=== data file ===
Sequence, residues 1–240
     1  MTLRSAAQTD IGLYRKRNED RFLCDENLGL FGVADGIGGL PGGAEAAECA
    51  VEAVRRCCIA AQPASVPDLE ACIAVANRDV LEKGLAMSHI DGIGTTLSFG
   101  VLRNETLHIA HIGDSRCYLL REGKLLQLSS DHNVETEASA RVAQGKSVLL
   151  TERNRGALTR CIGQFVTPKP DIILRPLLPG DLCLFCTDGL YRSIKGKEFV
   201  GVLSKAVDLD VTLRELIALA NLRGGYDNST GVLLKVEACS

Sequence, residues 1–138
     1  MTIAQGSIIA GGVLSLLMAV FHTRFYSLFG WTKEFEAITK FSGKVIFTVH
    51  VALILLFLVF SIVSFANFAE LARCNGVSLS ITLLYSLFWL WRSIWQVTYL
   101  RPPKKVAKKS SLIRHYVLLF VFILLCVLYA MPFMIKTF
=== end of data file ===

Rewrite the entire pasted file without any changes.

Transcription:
Sequence, residues 1–240
     1  MTLRSAAQTD IGLYRKRNED RFLCDENLGL FGVADGIGGL PGGAEAAECA
    51  VEAVRRCCIA AQPASVPDLE ACIAVANRDV LEKGLAMSHI DGIGTTLSFG
   101  VLRNETLHIA HIGDSRCYLL REGKLLQLSS DHNVETEASA RVAQGKSVLL
   151  TERNRGALTR CIGQFVTPKP DIILRPLLPG DLCLFCTDGL YRSIKGKEFV
   201  GVLSKAVDLD VTLRELIALA NLRGGYDNST GVLLKVEACS

Sequence, residues 1–138
     1  MTIAQGSIIA GGVLSLLMAV FHTRFYSLFG WTKEFEAITK FSGKVIFTVH
    51  VALILLFLVF SIVSFANFAE LARCNGVSLS ITLLYSLFWL WRSIWQVTYL
   101  RPPKKVAKKS SLIRHYVLLF VFILLCVLYA MPFMIKTF